For example, the first object 108 in FIG. 3 overlaps bands 102 and 104. The band divider 42 (see FIG. 2) of the present invention divides the first object 108 into object 108a with corners A, B, C', and D', contained within the band 102 and object 108b with corners D', C', C, and D contained in the band 104. Similarly, the second object 110, which overlaps three bands 102, 104, and 106, is divided into three objects. Object 110a with corners E, F, F', and E' is contained within the band 102, object 110b with corners E', F', G', and H' contained within the band 104, and object 110c with corners H', G', G, and H contained within the band 106. The third object 112 is contained entirely within the band 106. Therefore the band divider 42 does not divide object 112 into banded primitives, but merely defines the third object 112 with corners I, J, K, and L within the band 106. The host computer system places these six defined objects into their respective bands and creates a task sequence list for each band so that the drawing order is maintained. A typical task sequence list for the present invention is illustrated by steps 2-4 of the following sequence of events:
1. Play the metafile;
2. For band 102, draw the object 108a with corners A, B, C', and D' then draw object 110a with corners E, F, F', and E';
3. For band 104, draw the object 108b with corners D', C', C, and D then draw the object 110b with corners E', F', G', and H';
4. For band 106, draw the object 110c with corners H', G', G, and H then draw the object 112 with corners I, J, K, and L; and
5. Transmit the task sequence lists to the printer.
Note that the host computer system 30 has not created nor transmitted bit-map data. Instead, the host computer system transmits much shorter task sequence lists to the printer 46. The task sequence lists instruct the printer to create the objects defined by the banded primitives in the order defined by the order of the instructions. Further processing of the data occurs within the printer 46 leaving the host computer system 30 free to perform other tasks. The processing of task sequence lists by the printer will be discussed in greater detail below.
It is clear that certain shapes such as rectangles and straight lines can be easily divided into a series of horizontal bands. Similarly, any data already stored within the host computer system 30 as a bit-map, such as character fonts, are also easily divided into horizontal bands. Many newer laser printers have font scaling technology, such as "True Type" fonts, which use mathematical algorithms to construct bit-maps of alphanumeric characters rather than storing a limited number of fonts in printer read only memory (ROM) as a bit-map. When these printers receive a command to print a particular character of a certain size and font style, the printer uses the appropriate algorithm to construct a bit-map of that character and stores the bit-map within the printer memory 50 in case that character is used again. The present invention works equally well with older laser printers and the newer printers with font scaling technology.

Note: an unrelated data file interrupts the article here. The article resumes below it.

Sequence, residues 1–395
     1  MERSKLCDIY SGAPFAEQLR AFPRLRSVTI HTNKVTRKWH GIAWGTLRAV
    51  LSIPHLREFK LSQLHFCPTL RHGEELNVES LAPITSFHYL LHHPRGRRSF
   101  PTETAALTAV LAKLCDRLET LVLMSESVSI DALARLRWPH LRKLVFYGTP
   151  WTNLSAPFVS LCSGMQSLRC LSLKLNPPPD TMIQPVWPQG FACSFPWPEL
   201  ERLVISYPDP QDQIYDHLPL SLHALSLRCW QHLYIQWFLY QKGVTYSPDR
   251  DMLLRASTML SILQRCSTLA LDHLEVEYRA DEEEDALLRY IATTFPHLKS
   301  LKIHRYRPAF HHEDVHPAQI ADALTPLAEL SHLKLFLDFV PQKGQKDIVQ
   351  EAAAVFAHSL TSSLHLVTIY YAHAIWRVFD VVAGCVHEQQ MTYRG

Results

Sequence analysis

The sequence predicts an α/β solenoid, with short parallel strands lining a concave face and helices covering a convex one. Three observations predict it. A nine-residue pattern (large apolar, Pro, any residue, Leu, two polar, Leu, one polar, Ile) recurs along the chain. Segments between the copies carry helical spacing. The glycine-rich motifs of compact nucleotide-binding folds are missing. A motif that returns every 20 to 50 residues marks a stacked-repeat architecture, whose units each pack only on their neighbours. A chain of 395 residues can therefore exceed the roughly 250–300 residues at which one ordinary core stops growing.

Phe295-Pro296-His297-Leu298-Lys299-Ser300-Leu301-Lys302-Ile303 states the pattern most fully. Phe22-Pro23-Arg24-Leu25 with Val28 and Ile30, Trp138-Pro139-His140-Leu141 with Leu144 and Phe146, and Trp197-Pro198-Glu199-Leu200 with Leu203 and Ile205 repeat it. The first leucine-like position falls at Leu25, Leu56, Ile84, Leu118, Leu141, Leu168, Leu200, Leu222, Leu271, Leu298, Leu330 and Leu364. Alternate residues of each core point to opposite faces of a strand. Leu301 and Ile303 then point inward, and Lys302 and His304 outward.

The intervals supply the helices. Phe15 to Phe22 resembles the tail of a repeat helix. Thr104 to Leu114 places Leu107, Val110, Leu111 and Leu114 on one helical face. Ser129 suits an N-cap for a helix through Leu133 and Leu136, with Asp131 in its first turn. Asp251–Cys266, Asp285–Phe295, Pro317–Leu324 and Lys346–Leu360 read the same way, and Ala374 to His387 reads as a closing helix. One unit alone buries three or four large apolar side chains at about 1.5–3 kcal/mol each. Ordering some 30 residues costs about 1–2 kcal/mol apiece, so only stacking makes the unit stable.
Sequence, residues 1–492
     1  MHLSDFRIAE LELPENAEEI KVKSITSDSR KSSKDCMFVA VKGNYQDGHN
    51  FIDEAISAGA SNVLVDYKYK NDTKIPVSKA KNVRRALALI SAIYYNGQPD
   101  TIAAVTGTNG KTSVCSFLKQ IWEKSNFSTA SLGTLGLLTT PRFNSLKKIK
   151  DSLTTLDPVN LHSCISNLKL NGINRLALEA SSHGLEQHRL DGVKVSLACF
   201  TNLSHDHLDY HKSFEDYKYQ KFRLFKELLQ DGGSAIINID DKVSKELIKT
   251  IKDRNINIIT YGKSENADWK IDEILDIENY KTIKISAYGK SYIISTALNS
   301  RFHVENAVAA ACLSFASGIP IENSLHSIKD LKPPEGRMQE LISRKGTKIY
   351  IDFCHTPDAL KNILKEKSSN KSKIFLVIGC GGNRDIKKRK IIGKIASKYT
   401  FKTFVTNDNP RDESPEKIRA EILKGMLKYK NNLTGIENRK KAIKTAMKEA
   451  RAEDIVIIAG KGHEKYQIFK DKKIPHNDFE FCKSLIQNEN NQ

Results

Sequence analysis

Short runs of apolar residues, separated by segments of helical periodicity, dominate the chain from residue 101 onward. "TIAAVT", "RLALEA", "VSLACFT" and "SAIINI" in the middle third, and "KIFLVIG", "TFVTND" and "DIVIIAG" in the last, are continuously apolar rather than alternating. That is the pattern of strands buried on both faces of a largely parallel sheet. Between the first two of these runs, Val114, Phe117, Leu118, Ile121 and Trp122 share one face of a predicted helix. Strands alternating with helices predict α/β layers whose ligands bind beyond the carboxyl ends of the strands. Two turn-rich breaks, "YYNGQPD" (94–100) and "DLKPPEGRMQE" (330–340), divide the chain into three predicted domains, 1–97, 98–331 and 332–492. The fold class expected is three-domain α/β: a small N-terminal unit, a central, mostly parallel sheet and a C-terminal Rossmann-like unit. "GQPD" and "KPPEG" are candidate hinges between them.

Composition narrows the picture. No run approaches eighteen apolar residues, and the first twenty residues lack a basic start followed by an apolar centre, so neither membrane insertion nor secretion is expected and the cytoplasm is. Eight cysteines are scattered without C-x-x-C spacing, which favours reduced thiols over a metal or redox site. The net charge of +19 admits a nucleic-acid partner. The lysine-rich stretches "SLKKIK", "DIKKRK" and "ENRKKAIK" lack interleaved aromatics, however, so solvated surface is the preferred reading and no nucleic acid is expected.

As previously discussed, if the host computer system 30 has a graphic object stored as a bit-map, the task of dividing the object into bands is simple because some bits of the bit-map will fall into each band. For alphanumeric characters stored as bit-maps in the printer, or for font scaling printers, the host computer system 30 transfers two arguments to the printer 46. The first argument identifies the character, the font type and the font size. The second argument tells the printer 46 where to cut the character for a particular band. Some alphanumeric characters may be used in many locations throughout a page. Since the printer 46 already has the character stored in bit-map form in printer memory 50 (for both the old ROM stored fonts and the font scaling printers), the host computer system 30 will specify the same first argument and a different second argument when a particular character is used a second time. This is particularly useful with font scaling printers because a great deal of time is saved by not having to convert alphanumeric characters to bit-maps within the host computer system 30 and allowing the printer 46 to store the bit-map within its own memory 50. While the previous process described the conversion of alphanumeric characters to a bit-map within the printer, it is clear to those skilled in the art that the conversion to a bit-map could take place within the computer or the printer. The bit-maps of the characters are divided into the appropriate bands according to the directives of the second argument passed to the printer 46 from the host computer system 30.